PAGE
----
This election cycle, New Mexicans will vote on General Obligation Bonds B and D, which, if passed, both could result in funding for The University of New Mexico.
GO Bond D is for higher education and includes funding for three UNM projects, while GO Bond B is for libraries, including those on the UNM Main and North Campuses.
General Obligation bonds come before the voters of New Mexico every two years. They are a proven and accepted method of funding brick and mortar projects throughout the state. Starting during early voting Oct. 9, New Mexicans will be able to cast their votes on whether to approve the bonds, which provide New Mexico’s colleges, universities, specialty schools and libraries the ability to ensure students have the tools and resources they need to be successful.
Passage of the bonds would not only ensure better facilities for students and researchers; a solid system of higher education impacts all New Mexicans by strengthening the economy. If Bond D passes, it would create an estimated 1,000 jobs in construction, architecture and related fields.
Bond B would allocate $4 million each for higher education libraries, public libraries and public school libraries. It would also provide $750,000 for New Mexico Tribal libraries.
GO Bond D for Higher Education
If passed this November, Bond D would allocate $22,800,000 for two brick and mortar projects on UNM's Main Campus:
Chemistry Renovation – Phase II
The bond money would renovate and modernize a portion of the 65-year-old Chemistry Building. Changes would include updating classrooms, labs and offices, remodeling areas to include upper division labs, and revamping the building’s primary teaching auditorium. In addition, the money would support infrastructure and research laboratory upgrades in the Riebsomer Wing of Clark Hall. The Department of Chemistry and Chemical Biology is one of the oldest and most well-established departments at UNM having become an academic unit in 1913, just after New Mexico became a state. In 2015, the Department served more than 7,000 undergraduates and graduate students from more than 20 different UNM degree-granting programs and generated more than 22,000 student credit hours.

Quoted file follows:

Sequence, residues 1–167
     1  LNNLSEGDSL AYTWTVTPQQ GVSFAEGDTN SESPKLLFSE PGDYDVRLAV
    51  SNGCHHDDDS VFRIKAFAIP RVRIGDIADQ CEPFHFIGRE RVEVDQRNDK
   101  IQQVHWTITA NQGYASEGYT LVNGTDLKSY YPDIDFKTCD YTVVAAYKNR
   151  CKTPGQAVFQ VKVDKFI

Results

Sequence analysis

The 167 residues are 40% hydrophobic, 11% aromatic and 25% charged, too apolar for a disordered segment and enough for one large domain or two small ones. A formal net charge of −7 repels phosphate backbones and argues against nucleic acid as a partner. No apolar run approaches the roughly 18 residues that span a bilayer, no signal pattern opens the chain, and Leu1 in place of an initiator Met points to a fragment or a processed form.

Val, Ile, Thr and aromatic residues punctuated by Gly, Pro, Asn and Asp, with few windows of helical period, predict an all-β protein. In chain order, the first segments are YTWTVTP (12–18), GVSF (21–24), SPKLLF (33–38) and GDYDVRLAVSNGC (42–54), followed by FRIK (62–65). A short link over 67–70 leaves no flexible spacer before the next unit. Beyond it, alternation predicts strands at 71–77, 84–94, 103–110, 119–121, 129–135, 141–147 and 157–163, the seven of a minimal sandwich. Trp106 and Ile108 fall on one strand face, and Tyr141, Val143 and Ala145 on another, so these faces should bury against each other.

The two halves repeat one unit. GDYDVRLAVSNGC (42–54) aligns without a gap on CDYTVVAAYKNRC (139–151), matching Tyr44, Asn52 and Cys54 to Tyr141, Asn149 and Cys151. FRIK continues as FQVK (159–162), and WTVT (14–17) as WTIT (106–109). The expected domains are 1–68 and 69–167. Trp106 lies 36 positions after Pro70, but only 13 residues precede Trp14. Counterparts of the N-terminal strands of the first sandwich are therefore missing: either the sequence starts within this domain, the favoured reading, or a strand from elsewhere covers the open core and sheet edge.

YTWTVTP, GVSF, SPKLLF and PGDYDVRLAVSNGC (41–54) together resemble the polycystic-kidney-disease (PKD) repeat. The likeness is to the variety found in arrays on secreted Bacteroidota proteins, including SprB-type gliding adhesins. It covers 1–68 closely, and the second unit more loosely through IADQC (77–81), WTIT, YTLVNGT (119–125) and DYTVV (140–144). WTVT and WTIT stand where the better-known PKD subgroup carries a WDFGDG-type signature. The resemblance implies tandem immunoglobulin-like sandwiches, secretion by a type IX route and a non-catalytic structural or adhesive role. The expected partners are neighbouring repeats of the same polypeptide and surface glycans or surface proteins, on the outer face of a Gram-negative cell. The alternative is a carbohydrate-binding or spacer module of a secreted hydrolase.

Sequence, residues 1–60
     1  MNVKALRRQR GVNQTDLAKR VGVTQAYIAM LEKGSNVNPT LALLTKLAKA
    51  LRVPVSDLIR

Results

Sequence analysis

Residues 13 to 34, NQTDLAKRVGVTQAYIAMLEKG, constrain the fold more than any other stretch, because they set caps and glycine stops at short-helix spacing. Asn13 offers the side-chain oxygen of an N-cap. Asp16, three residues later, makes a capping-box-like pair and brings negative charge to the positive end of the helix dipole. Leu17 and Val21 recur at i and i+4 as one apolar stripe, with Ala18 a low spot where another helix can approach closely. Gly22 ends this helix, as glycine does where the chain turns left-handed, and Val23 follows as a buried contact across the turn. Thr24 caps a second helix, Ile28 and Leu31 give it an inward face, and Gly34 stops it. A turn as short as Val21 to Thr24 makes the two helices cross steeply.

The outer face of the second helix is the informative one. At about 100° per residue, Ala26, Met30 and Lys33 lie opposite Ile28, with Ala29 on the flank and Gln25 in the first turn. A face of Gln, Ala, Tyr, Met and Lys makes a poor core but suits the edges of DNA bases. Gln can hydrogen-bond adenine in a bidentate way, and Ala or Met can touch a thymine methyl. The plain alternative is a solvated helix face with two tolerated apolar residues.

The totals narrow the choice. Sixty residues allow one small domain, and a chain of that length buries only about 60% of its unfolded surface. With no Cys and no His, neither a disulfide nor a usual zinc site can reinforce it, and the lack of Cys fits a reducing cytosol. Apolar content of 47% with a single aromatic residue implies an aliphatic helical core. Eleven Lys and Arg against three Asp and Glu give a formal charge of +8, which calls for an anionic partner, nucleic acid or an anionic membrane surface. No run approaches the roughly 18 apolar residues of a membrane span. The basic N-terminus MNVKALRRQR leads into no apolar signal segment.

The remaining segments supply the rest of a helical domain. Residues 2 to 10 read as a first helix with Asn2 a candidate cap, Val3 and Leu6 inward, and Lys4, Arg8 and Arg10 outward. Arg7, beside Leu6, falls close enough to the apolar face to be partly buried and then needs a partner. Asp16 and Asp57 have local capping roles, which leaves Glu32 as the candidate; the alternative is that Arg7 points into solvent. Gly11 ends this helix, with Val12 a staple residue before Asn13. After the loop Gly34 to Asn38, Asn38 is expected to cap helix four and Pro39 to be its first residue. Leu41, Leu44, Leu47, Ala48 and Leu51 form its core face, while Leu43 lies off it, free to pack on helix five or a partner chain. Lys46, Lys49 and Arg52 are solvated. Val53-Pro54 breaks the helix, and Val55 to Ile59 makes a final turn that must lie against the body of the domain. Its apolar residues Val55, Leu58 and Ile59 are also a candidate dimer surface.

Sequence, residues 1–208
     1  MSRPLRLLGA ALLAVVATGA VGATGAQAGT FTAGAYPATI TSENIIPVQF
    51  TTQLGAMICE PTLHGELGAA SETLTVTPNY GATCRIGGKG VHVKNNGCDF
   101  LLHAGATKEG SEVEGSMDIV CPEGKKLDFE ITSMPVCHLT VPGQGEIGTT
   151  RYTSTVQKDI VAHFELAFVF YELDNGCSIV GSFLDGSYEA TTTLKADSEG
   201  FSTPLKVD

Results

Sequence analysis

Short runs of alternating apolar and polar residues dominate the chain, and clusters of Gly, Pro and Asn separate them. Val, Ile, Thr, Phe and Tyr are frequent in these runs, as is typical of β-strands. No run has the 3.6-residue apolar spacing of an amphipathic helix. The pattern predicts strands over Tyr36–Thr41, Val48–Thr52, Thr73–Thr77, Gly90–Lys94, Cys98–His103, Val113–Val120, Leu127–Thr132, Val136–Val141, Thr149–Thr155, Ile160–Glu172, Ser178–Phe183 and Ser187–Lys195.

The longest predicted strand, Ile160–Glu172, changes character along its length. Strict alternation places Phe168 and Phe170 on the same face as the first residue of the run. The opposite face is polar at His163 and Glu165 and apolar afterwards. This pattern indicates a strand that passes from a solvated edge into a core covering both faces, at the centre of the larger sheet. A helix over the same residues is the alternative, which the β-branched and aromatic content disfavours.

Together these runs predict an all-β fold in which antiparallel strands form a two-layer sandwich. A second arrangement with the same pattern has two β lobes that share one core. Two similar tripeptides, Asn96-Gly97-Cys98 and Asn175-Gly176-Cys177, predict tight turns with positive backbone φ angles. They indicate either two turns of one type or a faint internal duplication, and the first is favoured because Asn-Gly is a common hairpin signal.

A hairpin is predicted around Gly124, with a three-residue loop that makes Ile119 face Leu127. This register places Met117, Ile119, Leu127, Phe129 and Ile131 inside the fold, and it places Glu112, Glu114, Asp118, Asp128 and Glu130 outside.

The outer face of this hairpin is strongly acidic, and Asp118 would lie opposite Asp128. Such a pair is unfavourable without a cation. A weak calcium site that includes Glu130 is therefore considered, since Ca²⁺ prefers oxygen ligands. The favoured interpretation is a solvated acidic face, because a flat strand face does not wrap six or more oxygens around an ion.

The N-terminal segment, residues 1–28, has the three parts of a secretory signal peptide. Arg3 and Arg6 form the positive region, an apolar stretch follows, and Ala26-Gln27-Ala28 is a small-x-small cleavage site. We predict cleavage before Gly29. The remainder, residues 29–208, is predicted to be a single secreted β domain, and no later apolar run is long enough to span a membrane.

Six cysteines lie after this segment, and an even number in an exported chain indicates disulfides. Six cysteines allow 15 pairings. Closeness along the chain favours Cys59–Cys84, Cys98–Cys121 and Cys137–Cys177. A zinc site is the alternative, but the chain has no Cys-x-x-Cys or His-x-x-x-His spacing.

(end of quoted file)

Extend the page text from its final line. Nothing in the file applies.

“The Clark Phase II renovations will be able to bring upper division teaching labs into the 21st century,” said Karen Ann Smith, Research Facilities director for the Department of Chemistry. “We will also be able to offer lab courses which reflect state-of-the-art science to better prepare our students for their future, either continuing their education or in the job market.”
ROTC Complex – Phase I
Bond D money would also support a new co-location for UNM’s three ROTC programs, Navy, Army and Air Force. Currently, the three programs are housed in separate, inadequate, older buildings, which need to be upgraded or replaced to support 21st-century students and education. ROTC cadets are future leaders of the United States and its Armed Forces. The programs offer cadet services to UNM registered students, dual enrolled students and students registered at other state institutions. On average ROTC Air Force serves 80, Army 110 and Navy 80 cadets annually. Renewing, replacing and upgrading facilities would provide those students with the resources needed to support their education and training.